Wagner's Dream comes true

Red carpet coverage of the World Premiere for Wagner's Dream and post-screening commentary on the Tribeca Talk panel.

by Anne-Katrin Titze

Filmmakers Susan Froemke and Bob Eisenhardt, opera soprano Deborah Voigt and tenor Jay Hunter Morris, Met's General Manager Peter Gelb on the red carpet

Wagner's Dream, the film about the opera cycle about "reaching the unattainable", is clearly one of the best movies in Tribeca 2012. The film's scope and clarity and joy will make people curious about opera who never had a dream about Wagner in their lives and who now have a chance to "mingle with the gods".

On Wednesday The Tribeca Film Festival held the World Premiere of Susan Froemke's spectacular documentary Wagner's Dream with a star-studded list of red carpet arrivals.

For perhaps the most ambitious project in its famed history, the Metropolitan Opera commissioned visionary director Robert Lepage to stage a new production of opera's most formidable masterpiece: Richard Wagner's four-part Ring Cycle. Shot over five years, Susan Froemke's documentary captures the unprecedented challenges of bringing Lepage's electrifying production to life. Featuring such opera luminaries as Deborah Voigt, the film is a rare and engrossing look at the artistic process.

On the red carpet:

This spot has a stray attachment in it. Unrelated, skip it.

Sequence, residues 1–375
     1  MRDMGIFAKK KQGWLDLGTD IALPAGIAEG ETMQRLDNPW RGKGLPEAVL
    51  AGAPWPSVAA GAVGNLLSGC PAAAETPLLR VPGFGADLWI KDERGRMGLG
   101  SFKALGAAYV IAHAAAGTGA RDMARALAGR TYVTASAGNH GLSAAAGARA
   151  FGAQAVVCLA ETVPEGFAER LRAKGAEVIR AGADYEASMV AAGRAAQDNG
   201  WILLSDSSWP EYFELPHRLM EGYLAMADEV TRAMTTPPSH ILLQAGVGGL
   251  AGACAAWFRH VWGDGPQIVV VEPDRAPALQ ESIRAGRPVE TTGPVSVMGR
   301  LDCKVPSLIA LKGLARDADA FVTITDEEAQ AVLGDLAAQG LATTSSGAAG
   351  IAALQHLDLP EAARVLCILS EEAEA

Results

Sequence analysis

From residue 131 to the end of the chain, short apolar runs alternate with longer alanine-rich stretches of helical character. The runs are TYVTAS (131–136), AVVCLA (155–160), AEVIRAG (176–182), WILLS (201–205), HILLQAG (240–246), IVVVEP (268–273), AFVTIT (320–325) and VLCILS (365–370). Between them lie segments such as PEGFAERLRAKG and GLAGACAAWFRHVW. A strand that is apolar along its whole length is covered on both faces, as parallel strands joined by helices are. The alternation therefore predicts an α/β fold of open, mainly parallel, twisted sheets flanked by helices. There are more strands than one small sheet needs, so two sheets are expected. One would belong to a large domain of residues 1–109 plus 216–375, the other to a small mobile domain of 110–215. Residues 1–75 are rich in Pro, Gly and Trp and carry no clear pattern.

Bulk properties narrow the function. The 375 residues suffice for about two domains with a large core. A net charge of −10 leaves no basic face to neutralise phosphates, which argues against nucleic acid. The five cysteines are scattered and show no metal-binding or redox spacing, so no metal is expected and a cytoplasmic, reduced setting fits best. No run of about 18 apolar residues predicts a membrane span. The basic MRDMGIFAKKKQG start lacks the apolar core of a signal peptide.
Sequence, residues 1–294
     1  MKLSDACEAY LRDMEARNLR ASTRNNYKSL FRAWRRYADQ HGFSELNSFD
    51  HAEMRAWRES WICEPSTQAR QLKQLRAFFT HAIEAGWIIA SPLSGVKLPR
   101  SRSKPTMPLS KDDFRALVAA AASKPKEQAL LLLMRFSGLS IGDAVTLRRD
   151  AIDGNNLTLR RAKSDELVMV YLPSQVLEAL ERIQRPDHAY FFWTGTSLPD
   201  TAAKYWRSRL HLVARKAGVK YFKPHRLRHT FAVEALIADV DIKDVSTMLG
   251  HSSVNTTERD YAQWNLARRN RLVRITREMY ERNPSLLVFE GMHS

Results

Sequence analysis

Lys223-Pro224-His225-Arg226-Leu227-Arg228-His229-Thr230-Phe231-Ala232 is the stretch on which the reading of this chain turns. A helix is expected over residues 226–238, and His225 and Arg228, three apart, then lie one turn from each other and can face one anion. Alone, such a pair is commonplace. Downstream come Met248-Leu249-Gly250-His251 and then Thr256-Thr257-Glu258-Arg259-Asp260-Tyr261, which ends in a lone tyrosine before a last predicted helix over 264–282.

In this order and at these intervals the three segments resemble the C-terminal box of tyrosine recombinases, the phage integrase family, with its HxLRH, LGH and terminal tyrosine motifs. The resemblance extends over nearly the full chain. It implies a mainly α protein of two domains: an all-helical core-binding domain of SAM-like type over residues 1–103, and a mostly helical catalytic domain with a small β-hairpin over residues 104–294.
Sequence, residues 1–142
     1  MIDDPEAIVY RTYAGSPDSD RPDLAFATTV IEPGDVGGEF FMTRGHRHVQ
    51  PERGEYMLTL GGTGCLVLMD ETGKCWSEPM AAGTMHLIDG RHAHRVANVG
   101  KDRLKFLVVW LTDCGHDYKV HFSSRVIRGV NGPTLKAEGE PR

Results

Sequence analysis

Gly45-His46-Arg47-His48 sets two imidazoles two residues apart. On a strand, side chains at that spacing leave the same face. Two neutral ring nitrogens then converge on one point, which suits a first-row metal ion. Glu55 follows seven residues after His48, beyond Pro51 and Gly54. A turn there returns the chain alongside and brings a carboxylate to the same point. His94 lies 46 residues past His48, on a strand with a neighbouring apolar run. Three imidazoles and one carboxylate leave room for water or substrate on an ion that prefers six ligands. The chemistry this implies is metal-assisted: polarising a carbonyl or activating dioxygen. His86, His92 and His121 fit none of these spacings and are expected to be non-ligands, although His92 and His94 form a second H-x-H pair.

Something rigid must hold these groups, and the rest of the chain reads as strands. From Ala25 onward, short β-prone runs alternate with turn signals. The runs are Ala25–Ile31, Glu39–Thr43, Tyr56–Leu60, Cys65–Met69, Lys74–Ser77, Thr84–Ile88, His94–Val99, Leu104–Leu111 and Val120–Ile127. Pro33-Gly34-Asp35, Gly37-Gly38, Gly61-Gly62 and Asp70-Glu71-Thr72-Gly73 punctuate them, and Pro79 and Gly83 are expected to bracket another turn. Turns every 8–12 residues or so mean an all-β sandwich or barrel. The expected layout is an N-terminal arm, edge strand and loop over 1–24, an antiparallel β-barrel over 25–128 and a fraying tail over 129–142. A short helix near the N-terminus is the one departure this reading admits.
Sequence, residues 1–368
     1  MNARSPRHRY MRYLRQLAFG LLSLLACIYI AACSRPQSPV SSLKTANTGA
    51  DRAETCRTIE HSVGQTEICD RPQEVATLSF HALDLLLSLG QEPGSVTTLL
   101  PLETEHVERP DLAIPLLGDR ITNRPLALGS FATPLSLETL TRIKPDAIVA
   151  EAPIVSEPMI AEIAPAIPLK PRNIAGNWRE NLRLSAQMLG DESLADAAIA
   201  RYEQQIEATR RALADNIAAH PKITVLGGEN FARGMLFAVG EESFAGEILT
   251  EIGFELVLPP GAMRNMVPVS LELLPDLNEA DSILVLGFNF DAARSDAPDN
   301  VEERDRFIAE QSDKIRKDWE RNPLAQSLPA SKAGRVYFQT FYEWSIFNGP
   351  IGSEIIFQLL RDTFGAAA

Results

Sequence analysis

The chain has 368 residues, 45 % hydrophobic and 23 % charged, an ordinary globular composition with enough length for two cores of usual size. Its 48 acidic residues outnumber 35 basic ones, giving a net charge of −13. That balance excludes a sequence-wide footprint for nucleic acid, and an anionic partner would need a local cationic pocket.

I chatted with the director, her editor Bob Eisenhardt, Metropolitan Opera's General Manager Peter Gelb, and the two stars of Robert Lepage's brand new staging of Wagner's Ring des Nibelungen at the Met, Deborah Voigt and Jay Hunter Morris.

Deborah Voigt, who plays Brünnhilde
Deborah Voigt, who plays Brünnhilde

I asked Deborah Voigt about her "Ring" of movies, all-time favorites, because Tribeca is all about film. "I love Clark Gable," she answered, "so I would have to say Gone With The Wind. And The Sound Of Music. I always wanted to be Maria." Now, she is Brünnhilde, one of the most stimulating and testing roles for a soprano, in the new Ring at the Met. Robert Lepage's 90,000-pound set, lovingly called "The Machine", is one of the stars of the film and physically very challenging for the performers. I asked Deborah Voigt, who has to climb and ride and sing on it, if she developed any new muscles. She laughed and confided that she is very stiff; the astonishing visuals come with a price. "Do we have to sing and fly?", one anxious Rhine Maiden asks in the movie.

Jay Hunter Morris, the new Ring's new Siegfried, was quite bouncy on the red carpet. Neither he nor Deborah had seen the film yet and both admitted to being a bit nervous. Having the cameras follow him around during rehearsals and performances was no big deal for the tenor, he said. "When you have to sing for five hours, you don't really care about anything else." When asked about his movie favorites, he responded with The Usual Suspects, not a very Wagnerian choice. "I'm not a very operatic kind of guy, as you can see," he said to me with a big smile in his soothing Paris,Texan accent. I don't really know what that means, but his delivery is so charming that you believe anything he says, or sings. "The first Siegfried that isn't annoying," one audience member complimented him, after the screening. His inspiration for the role of this naïve, very childlike Wagner hero, who doesn't know what fear is, came from his 3 year-old son: "I used my boy Cooper as fuel."